How to Avoid Delays in Obtaining a Certificate of Appointment of Estate Trustee
One of the complaints I often hear from estate administration counsel is that applications they submit for a Certificate of Appointment of Estate Trustee are rarely approved on the first try and are at times returned more than once with different corrections.
This issue was the subject of a paper recently presented by Malcolm S. Archibald at the Six-Minute Estates Lawyer 2007. A few of the suggestions he makes to ensure your application is accepted included the following:
- have total uniformity of names and addresses in the materials with the way they appear in the Will;
- identify when someone is known by another name or incorrectly referred to in the Will;
- serve a notice of application on all beneficiaries entitled to a share in the estate;
- do not send a notice of application to a beneficiary in care of someone else;
- set out in detail the reasons why you have been unable to serve any beneficiary with the notice of application;
- if you have undervalued the value of the estate or missed an asset, file a solicitor’s letter and affidavit explaining the true value of the estate and the reason for the change and provide payment for the increased tax payable; and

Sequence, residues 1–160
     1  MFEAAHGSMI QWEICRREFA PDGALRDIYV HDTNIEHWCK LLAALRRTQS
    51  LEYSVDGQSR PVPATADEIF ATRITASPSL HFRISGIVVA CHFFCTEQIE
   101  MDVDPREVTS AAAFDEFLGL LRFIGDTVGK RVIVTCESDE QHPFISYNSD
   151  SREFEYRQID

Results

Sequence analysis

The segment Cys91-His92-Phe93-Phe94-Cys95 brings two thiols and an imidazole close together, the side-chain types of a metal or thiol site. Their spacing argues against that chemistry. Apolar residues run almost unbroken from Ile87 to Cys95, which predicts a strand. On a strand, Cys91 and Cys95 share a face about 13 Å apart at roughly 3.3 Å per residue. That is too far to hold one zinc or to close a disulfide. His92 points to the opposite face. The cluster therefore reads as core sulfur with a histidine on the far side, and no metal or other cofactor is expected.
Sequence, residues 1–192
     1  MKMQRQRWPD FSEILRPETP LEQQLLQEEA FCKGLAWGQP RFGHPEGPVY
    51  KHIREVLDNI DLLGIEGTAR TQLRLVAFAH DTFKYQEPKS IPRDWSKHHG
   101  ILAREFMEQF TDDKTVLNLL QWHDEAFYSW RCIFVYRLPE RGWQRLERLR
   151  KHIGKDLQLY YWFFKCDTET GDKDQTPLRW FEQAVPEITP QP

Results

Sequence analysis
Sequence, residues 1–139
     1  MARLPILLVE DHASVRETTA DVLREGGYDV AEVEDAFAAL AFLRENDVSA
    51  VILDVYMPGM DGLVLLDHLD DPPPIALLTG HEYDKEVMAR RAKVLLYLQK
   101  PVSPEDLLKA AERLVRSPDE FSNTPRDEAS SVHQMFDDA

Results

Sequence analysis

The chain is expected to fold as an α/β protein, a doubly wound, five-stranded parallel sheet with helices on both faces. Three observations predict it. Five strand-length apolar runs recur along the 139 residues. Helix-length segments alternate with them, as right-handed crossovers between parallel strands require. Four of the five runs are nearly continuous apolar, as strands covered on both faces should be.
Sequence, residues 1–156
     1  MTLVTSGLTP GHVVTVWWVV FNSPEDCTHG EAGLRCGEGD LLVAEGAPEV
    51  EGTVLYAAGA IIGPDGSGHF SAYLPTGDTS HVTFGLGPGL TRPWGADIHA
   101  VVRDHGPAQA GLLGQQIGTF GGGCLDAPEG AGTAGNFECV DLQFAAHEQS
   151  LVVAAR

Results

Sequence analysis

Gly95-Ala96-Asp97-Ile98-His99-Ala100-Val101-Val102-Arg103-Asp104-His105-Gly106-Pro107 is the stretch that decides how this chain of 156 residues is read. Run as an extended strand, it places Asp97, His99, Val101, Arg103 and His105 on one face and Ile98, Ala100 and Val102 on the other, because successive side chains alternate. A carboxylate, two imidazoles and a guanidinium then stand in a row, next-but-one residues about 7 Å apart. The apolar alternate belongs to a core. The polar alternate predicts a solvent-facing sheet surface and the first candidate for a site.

- if you are submitting a holograph Will, file an affidavit attesting to the handwriting and signature as well (preferably not sworn by a beneficiary).*
If you are unable to resolve an issue with respect to the application with the court office, Mr. Archibald recommends writing a letter setting out your position addressed to the Registrar to be given to a judge for consideration.
I understand that efforts are being made to standardize the estate court office’s approach to such applications. So, if you have ever completed an application correctly and had it returned to you, there is a chance that you will encounter this problem less frequently as greater consistency in the approach at the court office is established.
Enjoy the rest of the week.
* For additional guidelines, you can obtain a copy of the Estates Procedures Manual from the Ministry of the Attorney General.